The Opiliones (formerly Phalangida) are an order of arachnids colloquially known as harvestmen, harvesters, or daddy longlegs. As of April 2017, over 6,650 species of harvestmen have been discovered worldwide,[1] although the total number of extant species may exceed 10,000.[2] The order Opiliones includes five suborders: Cyphophthalmi, Eupnoi, Dyspnoi, Laniatores, and Tetrophthalmi, which were named in 2014.[3]

Temporal range: 410–0 Ma Early DevonianHolocene
Opiliones harvestman.jpg
Hadrobunus grandis showing its body structure and long legs: one pair of eyes and broadly joined body tagma differentiate it from similar-looking arachnids.
Scientific classification e
Kingdom: Animalia
Phylum: Arthropoda
Subphylum: Chelicerata
Class: Arachnida
Order: Opiliones
Sundevall, 1833
5 suborders, > 6,650 species

Representatives of each extant suborder can be found on all continents except Antarctica.

Well-preserved fossils have been found in the 400-million-year-old Rhynie cherts of Scotland, and 305-million-year-old rocks in France. These fossils look surprisingly modern, indicating that their basic body shape developed very early on,[4] and, at least in some taxa, has changed little since that time.

Their phylogenetic position within the Arachnida is disputed; their closest relatives may be the mites (Acari) or the Novogenuata (the Scorpiones, Pseudoscorpiones, and Solifugae).[5] Although superficially similar to and often misidentified as spiders (order Araneae), the Opiliones are a distinct order that is not closely related to spiders. They can be easily distinguished from long-legged spiders by their fused body regions and single pair of eyes in the middle of the cephalothorax. Spiders have a distinct abdomen that is separated from the cephalothorax by a constriction, and they have three to four pairs of eyes, usually around the margins of the cephalothorax.

English speakers may colloquially refer to species of Opiliones as "daddy longlegs" or "granddaddy longlegs", but this name is also used for two other distantly related groups of arthropods, the crane flies of the family Tipulidae, and the cellar spiders of the family Pholcidae, most likely because of their similar appearance. Harvestmen are also referred to as "shepherd spiders" in reference to how their unusually long legs reminded observers of the ways that some European shepherds used stilts to better observe their wandering flocks from a distance.[6]


Tropical harvestman (Pachyloidellus goliath)
North European harvestman (Leiobunum rotundum) body
Harvestmen (Opiliones sp.) filmed in Hesse, Germany.

The Opiliones are known for having exceptionally long legs relative to their body size; however, some species are short-legged. As in all Arachnida, the body in the Opiliones has two tagmata, the anterior cephalothorax or prosoma, and the posterior 10-segmented abdomen or opisthosoma. The most easily discernible difference between harvestmen and spiders is that in harvestmen, the connection between the cephalothorax and abdomen is broad, so that the body appears to be a single oval structure. Other differences include the fact that Opiliones have no venom glands in their chelicerae, so pose no danger to humans.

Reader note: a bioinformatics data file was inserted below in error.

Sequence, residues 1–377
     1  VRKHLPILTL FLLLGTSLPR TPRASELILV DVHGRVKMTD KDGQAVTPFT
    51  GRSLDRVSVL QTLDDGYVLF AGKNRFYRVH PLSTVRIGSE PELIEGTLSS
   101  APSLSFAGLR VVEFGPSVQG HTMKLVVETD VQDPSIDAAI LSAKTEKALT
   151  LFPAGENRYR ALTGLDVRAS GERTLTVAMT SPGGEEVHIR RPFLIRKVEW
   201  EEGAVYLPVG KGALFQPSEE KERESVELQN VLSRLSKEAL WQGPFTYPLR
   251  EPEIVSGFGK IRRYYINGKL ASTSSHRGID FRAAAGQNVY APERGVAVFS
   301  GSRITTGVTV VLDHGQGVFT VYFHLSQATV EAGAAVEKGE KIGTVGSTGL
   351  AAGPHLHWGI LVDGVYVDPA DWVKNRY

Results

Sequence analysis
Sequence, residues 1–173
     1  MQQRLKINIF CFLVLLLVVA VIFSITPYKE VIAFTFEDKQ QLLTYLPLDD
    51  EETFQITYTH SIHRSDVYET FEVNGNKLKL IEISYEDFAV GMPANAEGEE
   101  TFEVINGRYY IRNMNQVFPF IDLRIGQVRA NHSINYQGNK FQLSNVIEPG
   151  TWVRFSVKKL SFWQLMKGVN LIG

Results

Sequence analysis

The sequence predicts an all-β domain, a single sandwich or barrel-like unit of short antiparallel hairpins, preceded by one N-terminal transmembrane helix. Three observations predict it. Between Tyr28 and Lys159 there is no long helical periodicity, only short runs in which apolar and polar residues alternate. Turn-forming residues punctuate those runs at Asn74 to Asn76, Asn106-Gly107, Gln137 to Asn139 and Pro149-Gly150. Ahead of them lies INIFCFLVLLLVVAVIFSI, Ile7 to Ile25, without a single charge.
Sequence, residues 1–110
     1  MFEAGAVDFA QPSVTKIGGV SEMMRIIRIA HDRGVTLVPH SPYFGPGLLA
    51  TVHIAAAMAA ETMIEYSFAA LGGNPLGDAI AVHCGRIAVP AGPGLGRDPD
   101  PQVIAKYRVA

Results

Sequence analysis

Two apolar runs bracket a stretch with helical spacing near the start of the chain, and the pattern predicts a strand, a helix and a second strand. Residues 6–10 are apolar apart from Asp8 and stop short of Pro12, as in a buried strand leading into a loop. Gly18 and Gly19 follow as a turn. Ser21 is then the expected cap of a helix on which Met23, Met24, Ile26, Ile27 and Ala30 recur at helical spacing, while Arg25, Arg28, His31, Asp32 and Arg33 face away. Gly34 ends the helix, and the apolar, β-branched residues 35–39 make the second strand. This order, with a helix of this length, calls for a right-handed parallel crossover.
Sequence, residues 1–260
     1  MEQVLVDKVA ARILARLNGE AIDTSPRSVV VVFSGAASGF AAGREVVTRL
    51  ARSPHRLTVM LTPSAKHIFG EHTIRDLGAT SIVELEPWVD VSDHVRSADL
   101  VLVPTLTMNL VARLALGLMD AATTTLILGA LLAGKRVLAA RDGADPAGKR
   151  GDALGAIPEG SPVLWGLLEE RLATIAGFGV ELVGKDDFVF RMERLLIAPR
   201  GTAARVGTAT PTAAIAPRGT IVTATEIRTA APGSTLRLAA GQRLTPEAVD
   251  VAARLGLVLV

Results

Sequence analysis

They also have no silk glands and therefore do not build webs. In some highly derived species, the first five abdominal segments are fused into a dorsal shield called the scutum, which in most such species is fused with the carapace. Some such Opiliones only have this shield in the males. In some species, the two posterior abdominal segments are reduced. Some of them are divided medially on the surface to form two plates beside each other. The second pair of legs is longer than the others and function as antennae or feelers. In short-legged species, this may not be obvious.

The feeding apparatus (stomotheca) differs from most arachnids in that Opiliones can swallow chunks of solid food, not only liquids. The stomotheca is formed by extensions of the coxae of the pedipalps and the first pair of legs.

Most Opiliones, except for Cyphophthalmi, have a single pair of eyes in the middle of the head, oriented sideways. Eyes in Cyphophthalmi, when present, are located laterally, near the ozopores. A 305-million-year-old fossilized harvestman with two pairs of eyes was reported in 2014. This find indicates that the eyes in Cyphophthalmi are not homologous to the eyes of other harvestmen.[7][8] However, some species are eyeless, such as the Brazilian Caecobunus termitarum (Grassatores) from termite nests, Giupponia chagasi (Gonyleptidae) from caves, most species of Cyphophthalmi, and all species of the Guasiniidae.[9]

A harvestman (a male Phalangium opilio), showing the almost fused arrangement of abdomen and cephalothorax that distinguishes these arachnids from spiders